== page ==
Critics call for halt to CPP investments in tobacco companies

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Critics call for halt to CPP investments in tobacco companies

SANDRA CORDON, Canadian Press
Thursday, December 05, 2002

OTTAWA (CP) - It's unethical and inconsistent for Ottawa to spend taxpayers' dollars fighting cigarette advertising, yet allow the Canada Pension Plan to invest in tobacco companies, critics said Thursday.

Anti-smoking groups and the NDP called on Finance Minister John Manley to set up ethical screens to stop the Canada Pension Plan Investment Board from using its funds to support the sale of tobacco products. Tobacco kills as many as 45,000 Canadians a year and doesn't deserve the financial support of the multibillion-dollar national pension fund, critics said.

"I certainly don't want blood on my pension cheque," said Cynthia Callard of Physicians for a Smoke-Free Canada.

With about $55 billion in assets, the CPP is hugely influential and must be very careful about where it invests, said NDP MP Peter Stoffer.

Yet the CPP Investment Board, which is slowly moving to invest the bulk of the plan's assets in the stock market, continues to support tobacco firms, he said.

That's inconsistent and even counterproductive to the effort Ottawa has put into fighting tobacco use, including campaigns against cigarette ads, said Stoffer.

"It's hypocritical, to say the least," he said.

"If Canadians knew .?.?. their pension dollars, in essence, are aiding and abetting the killing of close to 45,000 people a year in Canada, I think they would be quite astonished indeed."

Ottawa brought the federal Tobacco Act into force in 1997 making it illegal for cigarette companies to advertise their sponsorship of groups and events.

Health critics have said one flaw in the act is that such companies are able to reach young Canadians through U.S. magazines and the Internet and last month petitioned Ottawa to strengthen controls.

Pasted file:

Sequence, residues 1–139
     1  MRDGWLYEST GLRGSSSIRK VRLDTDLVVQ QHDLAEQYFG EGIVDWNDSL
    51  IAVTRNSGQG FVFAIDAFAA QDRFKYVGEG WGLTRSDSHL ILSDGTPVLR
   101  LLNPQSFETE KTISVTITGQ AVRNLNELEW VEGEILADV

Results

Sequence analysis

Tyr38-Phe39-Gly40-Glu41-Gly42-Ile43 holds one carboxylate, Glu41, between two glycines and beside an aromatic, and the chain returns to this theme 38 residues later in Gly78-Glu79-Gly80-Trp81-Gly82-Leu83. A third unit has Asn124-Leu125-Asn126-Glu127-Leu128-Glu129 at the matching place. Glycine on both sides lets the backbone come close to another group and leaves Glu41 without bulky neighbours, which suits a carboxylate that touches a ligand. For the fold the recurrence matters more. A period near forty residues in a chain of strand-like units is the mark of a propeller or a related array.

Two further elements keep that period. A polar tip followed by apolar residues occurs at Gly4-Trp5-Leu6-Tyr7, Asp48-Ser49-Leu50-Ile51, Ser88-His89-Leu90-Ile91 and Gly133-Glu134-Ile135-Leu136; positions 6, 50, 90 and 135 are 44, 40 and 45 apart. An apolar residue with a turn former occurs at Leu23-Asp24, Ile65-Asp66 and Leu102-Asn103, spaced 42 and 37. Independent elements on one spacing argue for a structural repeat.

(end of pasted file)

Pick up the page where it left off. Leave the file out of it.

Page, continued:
Canada's big three tobacco firms are challenging the constitutionally of the law, calling it denial of free speech.

On Thursday, critics said allowing the CPP to support the tobacco industry is also inconsistent with the large infusions of cash Ottawa is planning to put into medicare.

Prime Minister Jean Chretien pledged to spend much more money on health care following last week's Romanow commission report.

It called for as much as $15 billion in new health spending over the next five years.

It's not clear how much the public pension fund has invested in tobacco companies but the CPP Web site shows at least $5 million in Imperial Tobacco.

A Manley spokesman said the pension investment board operates at arms-length from the federal government and sets its own investment policies.

It isn't the board's job to decide for Canadians what's ethical, said John MacNaughton, chief executive officer for the CPPIB.

"Screening works for sure, for individuals who know their minds; it works for groups of like-minded individuals, but it doesn't necessarily work for 16 million people who have different views on a variety of issues," MacNaughton said in an interview.

The board does have a social investing policy that favours companies with good labour and environmental practices which should, in the long run, mean better returns because they'll be more sustainable.

By that logic, tobacco companies would be a "very dubious proposition" for investors because lawsuits by governments and individuals will eventually damage their earnings and undermine shareholder value, said Francis Thompson of the Non-smokers' Rights Association.

But even if the CPP takes a small loss as a result of shifting out of investments in tobacco companies, Stoffer said he believed Canadians would accept that to avoid supporting the industry.

Debate has raged in recent years over what constitutes ethical investment and how pension plans should balance that against the need for healthy payouts.

Parliament should set criteria for the Canada Pension Plan after a full debate, said Stoffer.

The federal government is in the process of transferring control of all CPP assets to the investment board as part of a wider program of making the program self-sustaining.

The CPP's assets include $38.4 billion in fixed-income securities administered by the federal Finance Department and $16.9 billion in equities managed by the CPP Investment Board based in Toronto.

© Copyright 2002 The Canadian Press

 

 

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